One trainee doctor, who wouldn’t give her full name and asked to be identified only as Wong for fear she would damage her career, said her supervisor at a major public hospital doesn’t know of her involvement with Hidden Clinic.

After her regular shifts, she spends her nights dealing with a steady stream of injured protesters, giving them quick, initial diagnoses via text message and photo, and dispensing advice. She then reaches out to the network’s behind-the-scenes doctors, arranging more extensive consultations and treatment — and even help with any costs.

When the protests began, Wong said she used her medical skills on the front lines. She helped assemble Hidden Clinic at the end of July because “I realized the injuries are getting more severe,” she said.

Its name reflects its low profile — its Telegram logo is a bear wearing an identity-concealing surgical mask — but also the many unreported injuries its volunteers see.

“Data published by the government aren’t really accurate anymore, and there are a lot of hidden injuries,” Wong said.

With many distrustful of Lam’s government, and by extension its hospitals, “patients would rather endure the pain and not get arrested,” she said.

For some injuries, Hidden Clinic dispenses temporary treatment that allows protesters to wait a few days before going to an Accident & Emergency facility, so they can lie more convincingly that they weren’t recently hurt in violence.

“You can just say that, oh, you got injured while playing football or something,” Wong said.

Early Monday, when police again battled black-clad protesters after peaceful rallies that drew tens of thousands of marchers, Hidden Clinic’s cases included a protester who messaged a photo of a gruesome neck-wound — round, the size of a plum, dark at the edges and seemingly caused by a rubber bullet. The victim, in his 20s, said he was having difficulty swallowing.

“It was quite alarming,” Wong said. They quickly found a private surgeon who treated him in his own clinic. The man then asked Hidden Clinic to delete any record of their Telegram interactions.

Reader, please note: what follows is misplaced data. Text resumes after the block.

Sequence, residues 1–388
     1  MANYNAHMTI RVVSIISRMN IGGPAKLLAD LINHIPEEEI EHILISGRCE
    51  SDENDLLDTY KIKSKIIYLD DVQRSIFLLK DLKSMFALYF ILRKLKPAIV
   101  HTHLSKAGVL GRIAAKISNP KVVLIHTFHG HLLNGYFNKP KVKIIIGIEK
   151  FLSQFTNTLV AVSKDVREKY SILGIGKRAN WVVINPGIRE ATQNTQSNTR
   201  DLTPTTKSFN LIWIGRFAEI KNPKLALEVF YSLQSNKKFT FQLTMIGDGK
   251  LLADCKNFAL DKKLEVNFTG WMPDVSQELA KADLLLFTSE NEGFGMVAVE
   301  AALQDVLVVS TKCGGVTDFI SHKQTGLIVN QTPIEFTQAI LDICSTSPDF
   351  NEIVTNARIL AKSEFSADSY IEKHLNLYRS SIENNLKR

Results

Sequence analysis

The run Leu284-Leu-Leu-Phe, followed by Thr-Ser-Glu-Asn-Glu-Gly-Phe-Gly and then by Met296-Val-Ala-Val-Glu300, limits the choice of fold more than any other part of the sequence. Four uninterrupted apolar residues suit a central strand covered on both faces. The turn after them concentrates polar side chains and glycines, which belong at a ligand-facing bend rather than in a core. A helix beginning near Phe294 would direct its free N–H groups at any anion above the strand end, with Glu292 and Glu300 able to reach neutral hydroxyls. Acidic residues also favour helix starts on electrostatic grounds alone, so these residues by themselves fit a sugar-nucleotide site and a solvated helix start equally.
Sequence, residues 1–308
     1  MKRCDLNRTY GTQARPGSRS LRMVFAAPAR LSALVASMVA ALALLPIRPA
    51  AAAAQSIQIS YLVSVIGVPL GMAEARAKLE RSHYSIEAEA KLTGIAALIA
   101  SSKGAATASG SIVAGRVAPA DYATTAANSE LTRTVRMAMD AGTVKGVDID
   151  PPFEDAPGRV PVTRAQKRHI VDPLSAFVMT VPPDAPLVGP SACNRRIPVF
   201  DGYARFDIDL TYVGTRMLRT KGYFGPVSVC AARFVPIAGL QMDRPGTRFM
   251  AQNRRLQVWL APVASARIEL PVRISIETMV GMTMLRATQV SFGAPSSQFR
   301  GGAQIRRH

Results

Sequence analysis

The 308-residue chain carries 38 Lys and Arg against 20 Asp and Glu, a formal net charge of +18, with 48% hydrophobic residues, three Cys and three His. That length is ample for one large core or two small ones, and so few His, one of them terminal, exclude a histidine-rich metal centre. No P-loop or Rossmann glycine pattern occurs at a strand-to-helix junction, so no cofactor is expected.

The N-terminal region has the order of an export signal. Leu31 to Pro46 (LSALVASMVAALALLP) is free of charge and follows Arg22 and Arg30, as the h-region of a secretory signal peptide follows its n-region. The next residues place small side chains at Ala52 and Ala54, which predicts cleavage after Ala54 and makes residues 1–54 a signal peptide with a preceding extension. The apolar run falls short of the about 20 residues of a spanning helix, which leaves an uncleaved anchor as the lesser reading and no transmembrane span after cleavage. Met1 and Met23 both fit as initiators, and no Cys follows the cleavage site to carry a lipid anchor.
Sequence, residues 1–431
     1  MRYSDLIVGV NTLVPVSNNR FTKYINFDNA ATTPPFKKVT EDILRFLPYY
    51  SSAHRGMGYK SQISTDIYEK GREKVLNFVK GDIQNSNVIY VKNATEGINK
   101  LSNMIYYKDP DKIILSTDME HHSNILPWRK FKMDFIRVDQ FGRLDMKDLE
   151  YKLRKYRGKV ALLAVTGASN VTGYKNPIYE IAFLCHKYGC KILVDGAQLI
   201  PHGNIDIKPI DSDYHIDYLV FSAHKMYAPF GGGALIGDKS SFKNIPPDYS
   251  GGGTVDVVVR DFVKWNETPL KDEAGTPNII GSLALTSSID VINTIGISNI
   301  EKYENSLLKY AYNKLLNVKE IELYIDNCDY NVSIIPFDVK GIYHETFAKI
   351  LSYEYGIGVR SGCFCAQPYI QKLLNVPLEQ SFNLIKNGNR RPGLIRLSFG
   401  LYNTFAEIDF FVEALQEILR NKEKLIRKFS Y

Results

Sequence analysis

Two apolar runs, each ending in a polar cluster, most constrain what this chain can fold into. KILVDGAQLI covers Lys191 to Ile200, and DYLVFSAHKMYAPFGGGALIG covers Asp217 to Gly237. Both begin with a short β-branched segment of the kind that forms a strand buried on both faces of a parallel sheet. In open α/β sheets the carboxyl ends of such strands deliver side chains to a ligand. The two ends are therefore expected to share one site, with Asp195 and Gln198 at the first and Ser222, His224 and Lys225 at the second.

Wong also arranged treatment for the 22-year-old with the broken arm, as well as two other people with wounds that needed suturing. The appeals began arriving from 9 p.m. or 10 p.m. Sunday, and she finished about 4 a.m., before dealing with more cases later in the day, she said.

Asked about protesters’ fears of public wards, the Hospital Authority said in a statement to AP that it “upholds the importance of patient confidentiality, which is the cornerstone of patient confidence” and “has also reminded law enforcement departments to be mindful of the respect for patient data privacy in hospitals.”

The protesters aren’t convinced.

“Government hospitals have police,” said a 19-year-old who came prepared for trouble at Sunday’s protest, wearing a metal shield on his left arm, a hardened helmet with full-face reflective visor, protective pads on his knees, elbows and shoulders, a gas mask, a walkie-talkie and a black jacket reeking of tear gas.

Struck under his right armpit by a rubber bullet in a previous skirmish, the student said he used Telegram to find free treatment from a private clinic that diagnosed bruising but no broken ribs. He identified himself only as John, for fear of retaliation.

In a detention that seemed to confirm the concerns of protesters that government clinics aren’t safe, a pregnant 19-year-old detained Monday was being watched over by two policewomen in the maternity ward of the Tuen Mun Hospital, according to the hospital.

An 18-year-old who was struck on the head by a tear-gas canister on Oct. 1, when Hong Kong shook with protests, rioting and the police shooting of a protester, said she turned to Hidden Clinic to treat dizziness, vomiting and headaches because “I may be arrested if I go to the government hospital.” She refused to give her name.

“I can’t believe the government,” she said. “The government will use any ways to find out the protesters.”

Clandestine doctors say they feel compelled to help.

“These kids are striving for a whole era’s freedom,” said the Chinese medicine practitioner who devotes one evening per week to treating protesters, seeing as many as a dozen each time. “For those of us who don’t dare go out, the very least we can do is treat their wounds.”